Hints For Visitors To New York City In 1964

28 Handy Hints From 1964 For Visiting New York City

The Westsider World's Fair special issue 1964A 1964 issue of The Westsider Magazine contains a list of hints for visitors to New York.

The World’s Fair held in Queens would attract millions of people from around the globe. What important things would a visitor need to know?

It is interesting to see what tips the editors came up with back then and how many would still apply today. For instance it still holds true that New York City tap water is excellent for drinking.  This was before disposable bottles of water, but many municipal water systems did not have good tasting drinking water. Of course many other hints are obsolete.

One of the things you will notice is that the prefix for all telephone numbers were exchange names that correspond to the numbers on the telephone dial. For example TR9 stands for Trafalgar 9 so the phone number is 879. Fares on city buses and subways were fifteen cents. One price that has actually declined from 1964 is a ride on the Staten Island Ferry. In 1964 the cost was a nickel. In 2020 it’s free.

So here are:

Handy Hints For World’s Fair Visitors

  1. Lincoln Center is at Broadway and 65th Street.
  2. If you require a Weather report, dial WE 6-1212.
  3. Correct Time can be obtained by dialing ME 7-1212.
  4. The United Nations is at First Avenue and 42nd Street. .
  5. Visitors are cautioned not to cross thoroughfares against the lights. Jaywalking is illegal.
  6. Fares on City franchised buses are 15 cents. Buses operate on every important thoroughfare.
  7. New York water is equal to any in the world in purity and flavor. Drink faucet water in any hotel.
  8. Electric current in the City is 110 volts. In a vast majority of locations alternating current prevails.
  9. Do not waste your money on beggars and panhandlers; they get plenty from the City’s Welfare Department.
  10. For baggage use ‘redcaps’ or ‘skycaps’ at terminals; do not patronize the itinerant porters outside the terminals.
  11. The Port Authority Bus Terminal at Eighth Avenue and 41st Street is the headquarters of all important bus lines.
  12. Rockefeller Center takes in the area between Fifth Avenue and Avenue of the Americas from 48th to 51st Streets.
  13. In case of accident or sudden illness, dial TR 9-1000 (in Manhattan) and a physician will be sent to your address.
  14. Most of the passenger steamship piers are on the West Side of Manhattan and extend from The Battery to 57th Street.
  15. New York is on Daylight Savings Time (one hour advance) from the last Sunday in April to the last Sunday in October.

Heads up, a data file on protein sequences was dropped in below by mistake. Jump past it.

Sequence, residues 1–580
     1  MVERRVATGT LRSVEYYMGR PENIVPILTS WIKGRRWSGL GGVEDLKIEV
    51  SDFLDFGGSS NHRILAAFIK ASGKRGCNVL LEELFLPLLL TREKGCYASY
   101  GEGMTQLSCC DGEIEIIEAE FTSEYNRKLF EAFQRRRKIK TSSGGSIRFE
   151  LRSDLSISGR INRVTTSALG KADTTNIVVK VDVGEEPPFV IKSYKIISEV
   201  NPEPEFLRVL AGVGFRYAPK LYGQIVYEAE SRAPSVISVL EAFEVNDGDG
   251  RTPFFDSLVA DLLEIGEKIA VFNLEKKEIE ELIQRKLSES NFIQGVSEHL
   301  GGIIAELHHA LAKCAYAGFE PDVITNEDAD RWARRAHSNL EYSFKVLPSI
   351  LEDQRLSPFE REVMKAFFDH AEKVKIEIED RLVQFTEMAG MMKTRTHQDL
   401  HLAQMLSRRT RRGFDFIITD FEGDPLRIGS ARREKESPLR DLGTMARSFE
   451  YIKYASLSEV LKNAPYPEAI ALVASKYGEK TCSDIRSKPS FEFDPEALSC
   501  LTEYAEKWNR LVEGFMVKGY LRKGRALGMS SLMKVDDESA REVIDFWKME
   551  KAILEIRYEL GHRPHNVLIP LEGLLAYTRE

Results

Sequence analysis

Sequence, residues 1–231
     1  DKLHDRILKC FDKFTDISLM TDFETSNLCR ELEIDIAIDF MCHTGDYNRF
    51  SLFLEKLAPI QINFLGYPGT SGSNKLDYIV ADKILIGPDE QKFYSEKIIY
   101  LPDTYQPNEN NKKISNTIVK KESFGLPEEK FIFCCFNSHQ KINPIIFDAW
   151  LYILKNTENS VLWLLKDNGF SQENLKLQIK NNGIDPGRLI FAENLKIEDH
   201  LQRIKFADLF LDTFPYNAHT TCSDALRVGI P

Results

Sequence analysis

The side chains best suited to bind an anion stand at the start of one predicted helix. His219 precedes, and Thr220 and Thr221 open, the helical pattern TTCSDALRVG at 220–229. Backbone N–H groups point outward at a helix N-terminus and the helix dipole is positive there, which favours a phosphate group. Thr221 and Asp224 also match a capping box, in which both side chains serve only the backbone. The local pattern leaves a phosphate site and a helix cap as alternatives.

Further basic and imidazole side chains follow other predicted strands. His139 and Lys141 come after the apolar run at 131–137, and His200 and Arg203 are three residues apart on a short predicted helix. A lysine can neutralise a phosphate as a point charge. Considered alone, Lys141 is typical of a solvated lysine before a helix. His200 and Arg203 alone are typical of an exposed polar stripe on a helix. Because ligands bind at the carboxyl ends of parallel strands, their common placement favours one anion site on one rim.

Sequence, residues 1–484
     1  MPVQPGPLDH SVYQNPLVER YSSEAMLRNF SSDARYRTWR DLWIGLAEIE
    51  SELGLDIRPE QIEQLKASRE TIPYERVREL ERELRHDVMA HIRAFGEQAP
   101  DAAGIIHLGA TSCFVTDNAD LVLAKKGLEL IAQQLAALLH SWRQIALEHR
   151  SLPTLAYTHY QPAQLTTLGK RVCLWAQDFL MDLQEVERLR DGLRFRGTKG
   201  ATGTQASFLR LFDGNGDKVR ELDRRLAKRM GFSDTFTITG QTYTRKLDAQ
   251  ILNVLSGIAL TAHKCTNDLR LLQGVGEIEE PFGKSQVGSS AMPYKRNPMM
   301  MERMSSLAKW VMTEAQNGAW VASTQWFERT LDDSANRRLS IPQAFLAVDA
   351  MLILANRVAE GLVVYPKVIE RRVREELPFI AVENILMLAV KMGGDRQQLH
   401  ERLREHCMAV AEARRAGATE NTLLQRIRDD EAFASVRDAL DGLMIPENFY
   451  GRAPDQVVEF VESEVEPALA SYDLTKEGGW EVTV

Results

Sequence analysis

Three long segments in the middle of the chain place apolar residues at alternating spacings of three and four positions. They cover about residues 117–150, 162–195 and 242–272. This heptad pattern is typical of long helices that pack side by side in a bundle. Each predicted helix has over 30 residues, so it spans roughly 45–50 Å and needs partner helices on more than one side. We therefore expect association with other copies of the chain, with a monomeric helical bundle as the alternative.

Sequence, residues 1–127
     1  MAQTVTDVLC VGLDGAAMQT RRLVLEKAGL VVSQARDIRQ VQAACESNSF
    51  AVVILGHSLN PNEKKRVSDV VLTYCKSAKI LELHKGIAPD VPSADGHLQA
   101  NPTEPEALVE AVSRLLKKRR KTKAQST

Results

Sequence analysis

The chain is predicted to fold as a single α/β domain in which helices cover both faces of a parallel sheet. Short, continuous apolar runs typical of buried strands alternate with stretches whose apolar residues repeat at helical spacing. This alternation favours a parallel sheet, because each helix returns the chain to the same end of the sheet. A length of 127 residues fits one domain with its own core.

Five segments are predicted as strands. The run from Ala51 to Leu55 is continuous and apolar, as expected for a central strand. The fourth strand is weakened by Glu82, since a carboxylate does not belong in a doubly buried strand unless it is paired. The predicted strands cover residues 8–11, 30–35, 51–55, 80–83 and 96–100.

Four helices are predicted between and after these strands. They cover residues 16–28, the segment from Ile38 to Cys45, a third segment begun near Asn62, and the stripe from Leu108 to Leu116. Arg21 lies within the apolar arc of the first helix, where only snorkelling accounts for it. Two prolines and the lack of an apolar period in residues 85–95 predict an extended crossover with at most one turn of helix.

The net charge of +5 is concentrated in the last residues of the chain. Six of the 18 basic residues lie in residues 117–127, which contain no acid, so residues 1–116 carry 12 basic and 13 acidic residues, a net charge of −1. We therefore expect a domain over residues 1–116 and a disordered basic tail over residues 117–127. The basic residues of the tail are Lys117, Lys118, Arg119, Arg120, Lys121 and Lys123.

16. The most inexpensive transportation is the 25-minute, 5-cent ferry ride down the harbor from The Battery to Staten Island.
  17. Manhattan north of Fourteenth Street is laid out on a gridiron plan. Avenues run north and south while streets are east and west.
  18. Railroad terminals are the Grand Central at Park Avenue and 42nd Street and the Pennsylvania at Seventh Avenue and 33rd Street.
  19. Fifth Avenue is the dividing line between the East and West Sides. Building numbers on both sides of Manhattan start at this Avenue.
  20. If you are traveling by plane from New York, be sure to reconfirm your reservations seventy-two hours (if possible) before departure.
  21. Tipping in hotels and restaurants should be approximately 15 per cent of the bill. Exceptionally good service might warrant a little more.
  22. Statue of Liberty boats leave from The Battery; Round-Manhattan sightseeing trips by water leave from Hudson River and West 41st Street.
  23. Manhattan may be reached from railroad or air terminals in New Jersey by ferries, buses or the Hudson and Manhattan Railroad (PATH).
  24. Phoning to any number outside the five boroughs of the City, be sure to dial the area code first. They are listed in the telephone directory.
  25. You can send telegrams by dialing ‘WESTERN UNION’ at WO 2-7111, or by asking the telephone operator for Western Union in the case of coin telephones.
  26. The 70-story RCA Building is at Avenue of the Americas (Sixth Avenue) and 49th street. The 102-story Empire State Building is at Fifth Avenue and 34th Street.
  27. Transportation to the World’s Fair is available on the Long Island Railroad, subways, buses, taxicabs, ships, helicopters, aquafoils, rental cars and private automobile
  28. There are various sightseeing bus trips, among which are the Gray Lines at Tenth Avenue and 42nd Street and the Crossroads Sightseeing Corporation at 1572 Broadway.

 

 

 

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